NEW YORK (CNNMoney.com) -- Congress and the White House finally got what they've wanted since the financial collapse of September 2008: tough Wall Street reform.
But how "tough" is the financial reform bill? If the initial reaction from investors is any indication, it's not so tough at all.
Shares of the banking sector's six colossal heavyweights -- Citigroup (C, Fortune 500), Bank of America (BAC, Fortune 500), J.P. Morgan Chase (JPM, Fortune 500), Wells Fargo (WFC, Fortune 500), Goldman Sachs (GS, Fortune 500) and Morgan Stanley (MS, Fortune 500) -- each rose between 1.5% and 2% early Friday before cooling off just a bit.
Take that, big bad banks!
Investors had been fearing regulatory reform for months. But even with the inclusion of the so-called Volcker rule, which restricts banks from some risky behavior, and plans to rein in the trading of derivatives, experts said the final bill doesn't have nearly as much teeth as it could have.
"The banks dodged all the big bullets. The bill really could have had a damaging impact on the financial sector's profits," said Anthony Polini, a bank analyst with Raymond James. "You're seeing words like 'watered-down' to describe it and that's good for banks."
Polini estimated that net income for the nation's top banks - which includes the six mentioned previously as well as regional giant U.S. Bancorp (USB, Fortune 500) - will only be about 4% lower in 2011 because of financial reform.
His estimate also includes the impact from the new law on credit cards that went into effect earlier this year.
If that's the case, big banks are going to keep minting money. So it's no wonder that bank stocks are rallying. It's a big sigh of relief now that the worst-case scenario hasn't been realized.
But is that really true? Some think it's premature for banks and bank investors to celebrate.
Scott Armiger, a portfolio manager with Christiana Bank & Trust Company in Greenville, Del., said that it's important to remember that there's a difference between what the bill looks like now and how it will actually be implemented and enforced once it becomes law.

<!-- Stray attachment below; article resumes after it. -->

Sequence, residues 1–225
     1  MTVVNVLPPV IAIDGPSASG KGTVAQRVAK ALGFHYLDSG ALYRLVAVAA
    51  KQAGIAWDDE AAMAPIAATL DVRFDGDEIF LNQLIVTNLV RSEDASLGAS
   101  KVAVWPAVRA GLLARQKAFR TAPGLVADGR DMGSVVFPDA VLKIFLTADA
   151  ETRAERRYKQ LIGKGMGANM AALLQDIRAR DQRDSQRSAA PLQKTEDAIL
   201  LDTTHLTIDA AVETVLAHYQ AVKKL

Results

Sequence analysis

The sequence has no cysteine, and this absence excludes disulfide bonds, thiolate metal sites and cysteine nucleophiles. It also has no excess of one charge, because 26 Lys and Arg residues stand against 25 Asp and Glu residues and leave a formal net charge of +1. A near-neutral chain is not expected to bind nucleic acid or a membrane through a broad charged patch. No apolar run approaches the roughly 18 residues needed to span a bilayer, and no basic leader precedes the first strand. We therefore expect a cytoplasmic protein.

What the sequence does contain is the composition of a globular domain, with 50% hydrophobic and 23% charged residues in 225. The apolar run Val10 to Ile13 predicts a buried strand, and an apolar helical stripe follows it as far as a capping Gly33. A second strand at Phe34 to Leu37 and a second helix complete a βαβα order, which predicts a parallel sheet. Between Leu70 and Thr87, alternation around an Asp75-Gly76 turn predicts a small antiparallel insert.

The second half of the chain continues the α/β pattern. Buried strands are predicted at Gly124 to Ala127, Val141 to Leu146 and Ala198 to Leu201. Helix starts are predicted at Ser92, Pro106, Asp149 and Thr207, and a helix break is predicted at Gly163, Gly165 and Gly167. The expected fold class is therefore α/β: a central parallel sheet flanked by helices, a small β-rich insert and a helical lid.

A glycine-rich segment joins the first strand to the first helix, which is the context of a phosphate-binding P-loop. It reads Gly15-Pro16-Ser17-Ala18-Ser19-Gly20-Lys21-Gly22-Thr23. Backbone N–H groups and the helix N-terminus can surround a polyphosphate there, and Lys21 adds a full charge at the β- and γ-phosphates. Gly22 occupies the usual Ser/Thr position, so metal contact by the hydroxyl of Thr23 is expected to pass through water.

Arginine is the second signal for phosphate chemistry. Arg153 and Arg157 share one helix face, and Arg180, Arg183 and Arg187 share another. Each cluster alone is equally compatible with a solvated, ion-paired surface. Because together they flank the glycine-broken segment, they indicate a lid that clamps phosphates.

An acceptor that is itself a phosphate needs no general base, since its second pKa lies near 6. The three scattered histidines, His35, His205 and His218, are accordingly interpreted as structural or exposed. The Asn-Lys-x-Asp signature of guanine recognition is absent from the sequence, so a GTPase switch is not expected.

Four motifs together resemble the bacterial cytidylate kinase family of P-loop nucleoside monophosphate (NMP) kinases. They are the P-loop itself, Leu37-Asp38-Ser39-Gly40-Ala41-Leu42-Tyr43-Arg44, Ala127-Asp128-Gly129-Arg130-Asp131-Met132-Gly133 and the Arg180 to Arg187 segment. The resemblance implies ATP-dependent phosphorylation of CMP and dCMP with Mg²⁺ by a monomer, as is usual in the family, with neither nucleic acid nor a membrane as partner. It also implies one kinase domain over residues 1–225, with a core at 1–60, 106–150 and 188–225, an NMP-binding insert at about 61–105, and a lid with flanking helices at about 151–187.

Armiger said he's avoiding big banks because he's not yet convinced that the economy and housing market are improving all that dramatically. And he said that the reform bill doesn't do enough to change the dynamics of housing finance.
He said that cracking down a bit on derivatives is a start but that more needed to be done.
"I don't know how you can call it reform when you don't address Fannie Mae and Freddie Mac, the genesis of the real estate problem," he said.
Daniel Alpert, managing director of Westwood Capital, an investment bank in New York, agreed that the bill is not a cure for the financial sector's problems. He said that even once a bill is passed and signed by President Obama, there will still be a lot of uncertainty for banks going forward.
Alpert said the biggest question mark for banks was not addressed, namely how much capital they really should be forced to have to make sure that there isn't a repeat of 2008. Congress is leaving that for the Federal Reserve, FDIC and other regulators to decide.
"The big issue is capital requirements. Until that's resolved, we won't know the true impact of reform," Alpert said.
"For something that emerged from this Congress, the bill is a great achievement," he added sarcastically. "But the truth is that it was only accomplished by kicking the can to regulators."
So don't be surprised if the knee-jerk bounce in bank stocks quickly fades once investors realize that not much has actually changed just yet.
Reader comment of the week. What a long, wild week. It seems like ages ago that China made its move to let the yuan float more freely. That's likely to be discussed often this weekend at the G-20 confab in Toronto. So is the topic of continued deficit spending by the U.S.
This comment tied to Monday's yuan column addresses both of those issues.
"Yuan has nothing to do with our economic problems. Making Chinese currency more valuable will mean we will have to pay more at WalMart. Paying more for what we consume is not a fix. We will still do deficit spending, but we will be able to afford less. The problem is spending beyond our means. Debt is the problem and we have more of it now," wrote Albert Kyle.
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